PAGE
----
Anything that makes us feel as uncomfortable as conflict makes most of us feel needs to be examined fully and challenged. Yes, I said that two blogs ago and it really is true though counter to our first inclination. If you are like me, your first inclination is to whine “why me?” I know it’s not the best response, but hey, I snap out of it pretty quickly and move in to the work. The work, yes, that’s what we are here to do, but I told you already that it is hard.
Let me tell you the kind of conflict that I am learning from pretty regularly. I have two sons and the youngest is 17. So, I bet you already know where this is going. As you can imagine, my sons are equipped with the skills to engage in courageous conversations and fueled by hormones, intense emotions and a love for straight talk, my 17 year old is a heavyweight champ.
The most frequent conversations tend to play out like this:
Me: (Cringing and holding back my reaction, because I couldn’t even think about talking to my mother like that.) How am I not listening?
Him: I already told you that there is no reason for me to come home before 11 if my friends are staying out later.
Me: I heard that and I told you that we can talk about it, but I am not going to make my decision based on what your friends do.
Him: See, you are not listening. I understand you have fears, but that’s not what you are talking about, instead you are trying to hold me to some kiddie curfew because you had one. This is why I don’t want to talk to you.
Me: Oh God, really? Okay, I’m listening. But I need you to listen to me too.
Him: If we’re going to have a real conversation, fine. Just tell the truth about your reasons.
Me: Fine, and you tell the truth about yours.
Yep, that’s just a taste and the listening and learning continues for both of us, which brings me to the questions that I gave you to do your work of deconstructing conflict.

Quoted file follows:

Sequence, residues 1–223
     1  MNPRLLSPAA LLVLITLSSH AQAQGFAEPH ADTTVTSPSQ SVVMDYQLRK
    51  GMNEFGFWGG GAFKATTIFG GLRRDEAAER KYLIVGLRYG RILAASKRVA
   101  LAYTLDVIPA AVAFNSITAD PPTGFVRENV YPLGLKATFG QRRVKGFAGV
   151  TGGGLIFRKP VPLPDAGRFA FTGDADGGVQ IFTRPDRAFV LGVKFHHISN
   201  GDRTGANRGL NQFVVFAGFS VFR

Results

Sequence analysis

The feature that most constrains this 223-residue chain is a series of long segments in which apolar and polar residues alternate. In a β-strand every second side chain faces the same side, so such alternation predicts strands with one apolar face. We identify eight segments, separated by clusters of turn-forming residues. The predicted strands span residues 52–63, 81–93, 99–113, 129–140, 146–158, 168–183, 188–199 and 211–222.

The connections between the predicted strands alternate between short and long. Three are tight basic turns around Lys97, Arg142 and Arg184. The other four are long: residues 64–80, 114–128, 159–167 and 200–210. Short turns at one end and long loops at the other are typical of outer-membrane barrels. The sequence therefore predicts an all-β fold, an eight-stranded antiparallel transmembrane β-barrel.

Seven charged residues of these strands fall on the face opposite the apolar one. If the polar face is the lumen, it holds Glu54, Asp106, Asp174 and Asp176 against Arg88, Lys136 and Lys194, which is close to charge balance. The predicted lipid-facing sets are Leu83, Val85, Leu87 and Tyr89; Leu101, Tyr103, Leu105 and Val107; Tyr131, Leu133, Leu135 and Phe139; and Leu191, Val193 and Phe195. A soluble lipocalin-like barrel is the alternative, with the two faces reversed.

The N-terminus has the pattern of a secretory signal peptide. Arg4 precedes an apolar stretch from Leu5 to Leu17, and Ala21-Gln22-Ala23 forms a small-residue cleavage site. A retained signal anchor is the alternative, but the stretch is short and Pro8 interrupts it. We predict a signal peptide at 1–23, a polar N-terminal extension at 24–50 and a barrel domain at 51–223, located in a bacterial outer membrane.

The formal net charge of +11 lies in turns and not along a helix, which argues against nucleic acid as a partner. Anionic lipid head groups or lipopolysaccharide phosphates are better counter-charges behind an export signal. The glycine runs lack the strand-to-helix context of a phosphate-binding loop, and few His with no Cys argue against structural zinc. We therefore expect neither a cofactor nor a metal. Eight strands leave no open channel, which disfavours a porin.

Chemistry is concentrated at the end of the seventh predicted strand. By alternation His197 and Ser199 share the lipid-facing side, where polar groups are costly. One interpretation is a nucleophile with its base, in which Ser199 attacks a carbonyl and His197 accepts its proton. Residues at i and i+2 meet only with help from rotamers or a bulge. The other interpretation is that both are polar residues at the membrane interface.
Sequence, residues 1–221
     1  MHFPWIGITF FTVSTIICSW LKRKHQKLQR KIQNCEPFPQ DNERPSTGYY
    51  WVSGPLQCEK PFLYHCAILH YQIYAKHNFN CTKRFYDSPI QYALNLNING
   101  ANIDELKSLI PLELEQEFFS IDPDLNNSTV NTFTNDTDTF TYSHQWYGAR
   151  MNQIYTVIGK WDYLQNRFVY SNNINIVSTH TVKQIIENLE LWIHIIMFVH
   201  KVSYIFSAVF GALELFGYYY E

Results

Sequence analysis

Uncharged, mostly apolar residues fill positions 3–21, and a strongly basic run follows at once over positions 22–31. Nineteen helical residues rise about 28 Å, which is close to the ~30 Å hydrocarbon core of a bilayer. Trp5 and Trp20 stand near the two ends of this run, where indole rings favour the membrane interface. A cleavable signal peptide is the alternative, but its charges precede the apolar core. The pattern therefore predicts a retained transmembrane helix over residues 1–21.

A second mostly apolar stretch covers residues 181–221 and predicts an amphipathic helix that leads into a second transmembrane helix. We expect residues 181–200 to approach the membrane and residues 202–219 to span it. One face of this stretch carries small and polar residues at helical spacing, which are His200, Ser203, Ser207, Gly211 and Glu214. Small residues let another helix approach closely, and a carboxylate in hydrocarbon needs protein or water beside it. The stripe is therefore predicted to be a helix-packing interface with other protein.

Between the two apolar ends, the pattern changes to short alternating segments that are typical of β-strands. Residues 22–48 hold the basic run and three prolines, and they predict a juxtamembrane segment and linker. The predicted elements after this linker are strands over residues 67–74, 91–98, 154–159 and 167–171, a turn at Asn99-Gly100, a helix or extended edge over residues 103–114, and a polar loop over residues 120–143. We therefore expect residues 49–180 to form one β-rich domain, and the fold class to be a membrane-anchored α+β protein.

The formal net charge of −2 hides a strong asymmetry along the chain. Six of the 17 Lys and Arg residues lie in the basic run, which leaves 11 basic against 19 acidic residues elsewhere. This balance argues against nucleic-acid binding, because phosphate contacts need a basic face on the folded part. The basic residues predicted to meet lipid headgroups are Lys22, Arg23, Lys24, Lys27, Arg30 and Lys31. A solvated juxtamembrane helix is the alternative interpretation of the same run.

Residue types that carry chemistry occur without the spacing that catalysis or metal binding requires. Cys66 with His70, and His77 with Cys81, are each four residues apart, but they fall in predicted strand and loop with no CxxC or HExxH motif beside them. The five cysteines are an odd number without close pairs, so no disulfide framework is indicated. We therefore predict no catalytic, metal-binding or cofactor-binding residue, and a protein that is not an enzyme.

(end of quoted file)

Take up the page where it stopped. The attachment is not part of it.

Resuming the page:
Here are my responses.
Three Questions for Deconstructing the Construct of Conflict
The first thing I do is interrupt too much. I know it every time I do it and I do it anyway.
The second thing I do is assume the worst when it involves my 17 year old. He’s pretty bold in both reactions and actions so when I do that he picks it up and reacts immediately.
2. Where did I get these thoughts, ideas, reactions or strategies from? Really trace them back.
The interrupting I definitely get from my entire childhood and adolescence. Adults never wanted to hear what I had to say and certainly my mom was chief among the dismissers. Thinking the worst again from growing up with a very fearful mother and father who did not ever see me as maturing and growing.
3. What do I want to change them to?
I am actually catching myself interrupting and sometimes able to catch the urge to interrupt and stop it and continue to listen all the way through the hard stuff. I want to continue to catch the urge and listen longer. I want to continue to work suspending judgement and taking each experience as it comes.
I hated when my parents would tell me that they knew me better than I knew me. That was such bull. They didn’t know my thoughts or what I did out of their sight. So, I don’t want to assume the worst about my son or assume that I know him best.
So… Back to you. Time to do your work. Let me know how it turns out.
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